March 21, 2019
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This is how same-sex marriage took shape in Maine and the nation

Brian Feulner | BDN
Brian Feulner | BDN
Steven Bridges and Michael Snell smile after getting married at Portland City Hall on Dec. 29, 2012, the first day same-sex couples could obtain marriage licenses.

Barely more than a decade ago, same-sex couples couldn’t marry legally anywhere in the U.S. Today, the Supreme Court ruled that all states are required to issue marriage licenses to same-sex couples.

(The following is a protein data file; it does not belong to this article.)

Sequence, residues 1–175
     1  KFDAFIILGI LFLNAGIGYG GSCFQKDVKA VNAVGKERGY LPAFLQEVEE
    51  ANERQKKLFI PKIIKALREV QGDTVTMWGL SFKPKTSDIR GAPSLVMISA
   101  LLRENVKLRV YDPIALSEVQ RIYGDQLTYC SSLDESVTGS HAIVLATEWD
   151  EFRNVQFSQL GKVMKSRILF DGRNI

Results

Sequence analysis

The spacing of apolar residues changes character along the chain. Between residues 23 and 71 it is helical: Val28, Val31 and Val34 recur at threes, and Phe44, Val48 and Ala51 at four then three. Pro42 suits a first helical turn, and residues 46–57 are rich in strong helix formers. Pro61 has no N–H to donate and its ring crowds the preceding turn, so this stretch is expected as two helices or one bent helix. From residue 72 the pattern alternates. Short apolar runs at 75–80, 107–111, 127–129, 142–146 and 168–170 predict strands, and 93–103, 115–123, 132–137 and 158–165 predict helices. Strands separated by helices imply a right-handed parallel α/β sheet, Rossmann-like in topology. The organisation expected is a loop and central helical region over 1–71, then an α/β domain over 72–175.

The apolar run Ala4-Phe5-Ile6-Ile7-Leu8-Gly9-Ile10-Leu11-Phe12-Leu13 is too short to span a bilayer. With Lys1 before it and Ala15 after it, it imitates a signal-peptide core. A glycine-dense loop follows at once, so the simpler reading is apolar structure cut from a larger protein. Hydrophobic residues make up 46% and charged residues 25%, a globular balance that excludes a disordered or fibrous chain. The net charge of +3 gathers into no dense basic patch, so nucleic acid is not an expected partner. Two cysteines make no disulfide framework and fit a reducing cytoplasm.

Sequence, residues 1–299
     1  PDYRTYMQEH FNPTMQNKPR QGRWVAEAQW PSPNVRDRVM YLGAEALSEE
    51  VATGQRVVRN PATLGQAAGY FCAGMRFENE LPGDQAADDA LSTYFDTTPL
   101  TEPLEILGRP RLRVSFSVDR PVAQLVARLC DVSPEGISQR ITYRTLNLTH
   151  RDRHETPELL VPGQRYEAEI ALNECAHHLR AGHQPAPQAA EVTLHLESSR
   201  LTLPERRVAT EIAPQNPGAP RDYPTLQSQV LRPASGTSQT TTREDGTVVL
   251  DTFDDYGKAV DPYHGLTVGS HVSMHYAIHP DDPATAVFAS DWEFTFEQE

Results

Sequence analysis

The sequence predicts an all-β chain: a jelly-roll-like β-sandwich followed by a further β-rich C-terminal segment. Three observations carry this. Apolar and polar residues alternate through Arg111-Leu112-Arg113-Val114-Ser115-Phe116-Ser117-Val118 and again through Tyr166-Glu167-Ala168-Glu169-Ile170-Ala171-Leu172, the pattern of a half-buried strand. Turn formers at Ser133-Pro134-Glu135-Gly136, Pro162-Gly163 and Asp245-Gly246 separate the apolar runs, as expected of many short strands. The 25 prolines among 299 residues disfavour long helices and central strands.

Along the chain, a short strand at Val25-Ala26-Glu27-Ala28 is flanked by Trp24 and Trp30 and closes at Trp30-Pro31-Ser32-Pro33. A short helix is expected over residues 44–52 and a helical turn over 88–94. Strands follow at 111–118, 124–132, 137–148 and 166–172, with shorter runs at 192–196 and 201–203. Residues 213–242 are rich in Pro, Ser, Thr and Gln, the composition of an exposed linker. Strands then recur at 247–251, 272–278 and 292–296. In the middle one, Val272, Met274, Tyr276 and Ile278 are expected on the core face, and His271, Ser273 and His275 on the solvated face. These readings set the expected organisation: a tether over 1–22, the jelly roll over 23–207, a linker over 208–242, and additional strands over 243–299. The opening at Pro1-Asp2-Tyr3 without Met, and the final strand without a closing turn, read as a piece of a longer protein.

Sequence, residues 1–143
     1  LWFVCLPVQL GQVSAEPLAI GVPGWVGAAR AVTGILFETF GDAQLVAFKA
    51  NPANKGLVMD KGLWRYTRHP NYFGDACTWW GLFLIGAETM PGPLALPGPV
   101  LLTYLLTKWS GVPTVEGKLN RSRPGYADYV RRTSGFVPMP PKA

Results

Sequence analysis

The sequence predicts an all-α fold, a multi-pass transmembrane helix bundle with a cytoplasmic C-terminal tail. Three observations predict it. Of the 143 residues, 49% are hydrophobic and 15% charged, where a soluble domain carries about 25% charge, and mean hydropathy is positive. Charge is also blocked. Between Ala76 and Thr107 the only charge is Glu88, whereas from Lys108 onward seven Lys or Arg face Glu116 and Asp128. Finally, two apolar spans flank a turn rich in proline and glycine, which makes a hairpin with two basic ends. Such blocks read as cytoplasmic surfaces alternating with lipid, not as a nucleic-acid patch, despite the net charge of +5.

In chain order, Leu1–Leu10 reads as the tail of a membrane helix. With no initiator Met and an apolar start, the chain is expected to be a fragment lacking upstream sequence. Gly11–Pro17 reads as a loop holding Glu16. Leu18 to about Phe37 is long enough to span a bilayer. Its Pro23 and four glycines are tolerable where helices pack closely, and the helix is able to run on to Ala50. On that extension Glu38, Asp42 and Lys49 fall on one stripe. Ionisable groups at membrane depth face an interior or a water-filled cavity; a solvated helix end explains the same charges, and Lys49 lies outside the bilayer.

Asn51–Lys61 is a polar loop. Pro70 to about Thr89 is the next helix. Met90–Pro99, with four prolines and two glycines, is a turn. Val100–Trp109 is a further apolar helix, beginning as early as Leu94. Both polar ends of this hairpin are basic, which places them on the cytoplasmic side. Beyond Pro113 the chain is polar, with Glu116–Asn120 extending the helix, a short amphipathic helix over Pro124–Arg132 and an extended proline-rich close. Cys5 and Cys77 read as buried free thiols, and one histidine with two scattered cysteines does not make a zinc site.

In the 12 years since Massachusetts’ highest court ruled same-sex couples in that state had the right to marry, proponents have made fast progress toward legal recognition for same-sex unions. Those 12 years have also been marked by a fair share of setbacks for the movement.

Through it all, Maine has played a defining role, illustrating how public opinion has shifted in favor of allowing same-sex unions. Here’s a look at the high points on the road to legal same-sex unions, with a special focus on Maine.

Hover over the right side of each photo to click for the next slide.

For a national perspective, has this video timeline showing the move toward universally legal same-sex marriage.

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